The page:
[Marxism] Lt. Cmdr. Charles Swift speaks on Gitmo Supreme Court decision
lnp3 at panix.com
Sat Jul 1 08:20:44 MDT 2006
(This is from Hardball, a cable news show run by the obnoxious Chris Matthews.)
Lt. CMDR. Charles Swift speaks out
By: John Amato on Friday, June 30th, 2006 at 3:01 PM - PDT
MATTHEWS: Today the United States Supreme Court pushed back hard against
President Bush and ruled that his policies regarding Guantanamo Bay
prisoners went against both U.S. and international law. Lieutenant
Commander Charles Swift, the Judge Advocate Generals Corps JAG, was
appointed by the military to represent the Gitmo detainee in the case of
Hamdan versus Rumsfeld. He had a big win today and he joins us now.
Mr. Swift, let me ask you, what was at stake here in this case decided by
LT. CMDR. CHARLES SWIFT, SALIM AHMED HAMDANS LAWYER: At stake was the rule
of law. The president had staked out a position that was contrary both to
international law and to our domestic statutes in the Uniform Code of
Military Justice. What the court did was say that even the president has to
follow the law. And that if were going to try people, were going to do it
under the law, not under an ad hoc system.
MATTHEWS: Does this mean now that our prisoners at Gitmo are going to have
lawyers and rules of evidence that they can use to defend themselves?
SWIFT: Well, in a manner of speaking, yes, and one would hope so, because
what the court was addressing is a trial wherein you could actually be
executed. One would hope in an American system that you have lawyers, that
you have rules of evidence.
In a trial as politically charged as these, thats what the rules of
evidence were developed for. What it says is that these individuals be
able to be present during their trials and confront the evidence against them.
MATTHEWS: What about the charge made recently, just a couple minutes ago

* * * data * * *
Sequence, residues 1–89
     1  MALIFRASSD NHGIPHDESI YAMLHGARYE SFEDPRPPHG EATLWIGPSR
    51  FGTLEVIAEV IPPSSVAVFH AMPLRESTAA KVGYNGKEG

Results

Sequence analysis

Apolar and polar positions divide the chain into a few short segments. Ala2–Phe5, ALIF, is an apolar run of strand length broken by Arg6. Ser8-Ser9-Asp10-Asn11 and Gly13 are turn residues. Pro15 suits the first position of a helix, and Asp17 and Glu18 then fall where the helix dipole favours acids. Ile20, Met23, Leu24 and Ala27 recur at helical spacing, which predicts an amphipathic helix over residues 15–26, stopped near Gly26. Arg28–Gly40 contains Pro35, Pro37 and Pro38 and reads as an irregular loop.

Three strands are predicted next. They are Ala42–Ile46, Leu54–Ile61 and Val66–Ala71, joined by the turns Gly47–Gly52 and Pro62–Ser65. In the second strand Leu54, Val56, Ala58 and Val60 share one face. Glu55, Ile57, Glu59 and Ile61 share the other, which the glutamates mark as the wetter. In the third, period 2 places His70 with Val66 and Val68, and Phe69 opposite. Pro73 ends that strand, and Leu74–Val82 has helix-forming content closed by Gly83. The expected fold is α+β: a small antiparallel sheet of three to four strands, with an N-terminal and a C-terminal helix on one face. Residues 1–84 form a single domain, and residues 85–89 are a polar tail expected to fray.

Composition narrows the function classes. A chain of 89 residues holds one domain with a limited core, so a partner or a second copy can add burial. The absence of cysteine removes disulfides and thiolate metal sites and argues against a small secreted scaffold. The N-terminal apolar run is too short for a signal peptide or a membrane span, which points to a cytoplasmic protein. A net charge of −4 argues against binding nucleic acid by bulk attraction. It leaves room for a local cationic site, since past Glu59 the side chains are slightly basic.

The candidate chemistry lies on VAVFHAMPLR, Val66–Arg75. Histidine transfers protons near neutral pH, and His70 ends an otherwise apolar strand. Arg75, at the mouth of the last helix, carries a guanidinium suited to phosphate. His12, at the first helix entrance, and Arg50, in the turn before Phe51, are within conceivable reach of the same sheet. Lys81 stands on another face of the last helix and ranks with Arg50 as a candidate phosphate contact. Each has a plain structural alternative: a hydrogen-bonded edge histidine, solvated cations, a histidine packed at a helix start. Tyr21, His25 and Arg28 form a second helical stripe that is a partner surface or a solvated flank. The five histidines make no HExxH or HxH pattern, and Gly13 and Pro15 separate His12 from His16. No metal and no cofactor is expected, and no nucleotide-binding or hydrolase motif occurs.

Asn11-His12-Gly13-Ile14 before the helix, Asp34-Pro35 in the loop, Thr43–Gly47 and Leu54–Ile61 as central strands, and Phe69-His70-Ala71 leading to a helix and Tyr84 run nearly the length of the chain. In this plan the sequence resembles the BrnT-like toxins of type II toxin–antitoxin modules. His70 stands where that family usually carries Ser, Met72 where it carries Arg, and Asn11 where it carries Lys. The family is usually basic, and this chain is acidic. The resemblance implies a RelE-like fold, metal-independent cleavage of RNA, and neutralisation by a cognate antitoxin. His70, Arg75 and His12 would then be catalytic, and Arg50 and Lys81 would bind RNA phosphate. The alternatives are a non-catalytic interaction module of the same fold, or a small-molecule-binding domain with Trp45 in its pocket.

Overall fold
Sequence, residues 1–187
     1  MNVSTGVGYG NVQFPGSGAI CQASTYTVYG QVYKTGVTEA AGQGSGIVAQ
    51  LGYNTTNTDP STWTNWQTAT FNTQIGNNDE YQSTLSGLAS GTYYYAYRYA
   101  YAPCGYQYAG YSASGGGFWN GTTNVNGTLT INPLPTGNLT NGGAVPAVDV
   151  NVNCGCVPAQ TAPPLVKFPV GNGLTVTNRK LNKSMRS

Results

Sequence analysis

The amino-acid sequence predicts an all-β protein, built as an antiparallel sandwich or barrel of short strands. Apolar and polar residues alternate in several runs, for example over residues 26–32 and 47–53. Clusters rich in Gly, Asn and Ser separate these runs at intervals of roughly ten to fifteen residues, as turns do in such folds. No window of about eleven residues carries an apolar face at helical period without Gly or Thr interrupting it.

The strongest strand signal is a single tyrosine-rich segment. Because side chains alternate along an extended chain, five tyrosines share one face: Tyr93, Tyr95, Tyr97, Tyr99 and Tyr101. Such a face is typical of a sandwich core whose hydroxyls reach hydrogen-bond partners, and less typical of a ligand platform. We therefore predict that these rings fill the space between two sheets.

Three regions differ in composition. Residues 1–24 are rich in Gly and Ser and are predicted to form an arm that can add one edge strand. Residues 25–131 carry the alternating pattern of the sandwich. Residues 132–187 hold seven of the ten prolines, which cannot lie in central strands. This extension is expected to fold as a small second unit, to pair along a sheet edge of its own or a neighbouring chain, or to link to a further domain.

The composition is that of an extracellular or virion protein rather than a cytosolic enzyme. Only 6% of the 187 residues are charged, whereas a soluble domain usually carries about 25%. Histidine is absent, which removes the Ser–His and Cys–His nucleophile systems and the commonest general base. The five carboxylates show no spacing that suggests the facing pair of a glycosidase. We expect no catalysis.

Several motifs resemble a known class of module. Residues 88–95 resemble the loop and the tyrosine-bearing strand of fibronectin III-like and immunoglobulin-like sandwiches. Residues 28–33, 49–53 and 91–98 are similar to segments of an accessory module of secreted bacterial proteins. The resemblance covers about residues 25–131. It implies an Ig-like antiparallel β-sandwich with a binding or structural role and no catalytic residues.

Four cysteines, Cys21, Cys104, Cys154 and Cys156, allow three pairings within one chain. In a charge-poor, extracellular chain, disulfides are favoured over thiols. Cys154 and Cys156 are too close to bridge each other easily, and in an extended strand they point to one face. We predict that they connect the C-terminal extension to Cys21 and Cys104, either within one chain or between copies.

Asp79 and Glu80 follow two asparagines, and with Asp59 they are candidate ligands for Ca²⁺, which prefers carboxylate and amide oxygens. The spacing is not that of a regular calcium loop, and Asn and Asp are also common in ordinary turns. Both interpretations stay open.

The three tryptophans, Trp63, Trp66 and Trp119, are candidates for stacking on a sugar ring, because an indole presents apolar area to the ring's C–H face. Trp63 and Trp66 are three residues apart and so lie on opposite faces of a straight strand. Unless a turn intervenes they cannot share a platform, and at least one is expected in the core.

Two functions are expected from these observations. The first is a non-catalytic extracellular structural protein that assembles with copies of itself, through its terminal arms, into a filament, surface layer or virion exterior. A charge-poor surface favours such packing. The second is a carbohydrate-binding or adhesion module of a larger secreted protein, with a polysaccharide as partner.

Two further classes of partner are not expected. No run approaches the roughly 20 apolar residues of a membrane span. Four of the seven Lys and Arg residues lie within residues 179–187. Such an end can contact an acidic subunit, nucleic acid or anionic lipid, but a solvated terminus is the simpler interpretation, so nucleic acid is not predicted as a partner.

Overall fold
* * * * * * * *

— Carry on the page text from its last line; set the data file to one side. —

by Kate OBeirne of the National Review, that people who fight us who are
not in uniform, who do not represent countries who are party to the Geneva
Convention shouldnt be free riders? They shouldnt get Geneva Convention
treatment. They should be treated like thugs.
SWIFT: Well, you know, if youre looking at it from that way, we have a
lot of criminals here in this country. And to prejudge anyone that we
capture outside the country as a thug, why are we having a trial in the
first place? Weve already decided they were guilty.
What the Supreme Court said is you have the trial first, you use the
procedures that are set up under international law, and then you decide
whether theyre a thug. You dont make the thug determination going in.
MATTHEWS: But what happens now if weve got a reallets assumenot your
client who is a driver for bin Laden. Lets talk about weve got a Luca
Bratsi down there somewhere in Guantanamo, a real bad guy who
systematically and cruelly killed a bunch of Americans.
If that guy says now, I want all the rules of evidence applied, I want to
know about all this classified information the government has at hand, I
want it in discovery, I want to act like I have F. Lee Bailey down here
with me, what happens to that prosecution? This guy is never going to go
to face any punishment at all, is he?
SWIFT: Well, you know, you could have said all those things about
Moussaoui. Moussaoui was part of a plot, that if not on 9/11, somewhere
thereafter would killed maybe thousands. He wanted access to classified
information. I think everybody agrees hes a real bad guy, and hes in a -
in the supermax penitentiary. We convicted him.
The perverse idea here is that if you can make it to the United States, if
you can get that far into an attack, then you get all the rights. It
seems, you know, the most dangerous people would get all the rights and the
least dangerous people who are basically like my client, hiding from bombs
in Afghanistan, get no rights. That doesnt make any sense at all. And
thats what the court said.
MATTHEWS: I only have a minute here, sir, and I appreciate your position,
and Im being tough with you because there is another side to this
argument. Let me ask you, do you believe that people who fight us as
terrorists deserve Geneva Convention treatment?
SWIFT: Its not whether they deserve it or not. Its how we conduct
ourselves. It has to do where if we say that our opponent can cause us not
to follow the rules anymore, then weve lost who we are. Were the good
guys. Were the guys who follow the rule and the people we fight are the
bad guys and we show that every day when we follow the rules, regardless of
what they do. Its what sets us apart. Its what makes us great and in my
mind, its what makes us undefeatable, ultimately.
MATTHEWS: Well, Commander Swift, Im sure youre going to have a place in
history and you deserve it. What a great job you did, Ive been tough on
you, but somebody has to defend the law and youve done it. Thank you very
much Lieutenant Charles Swift of the U.S. Navy.
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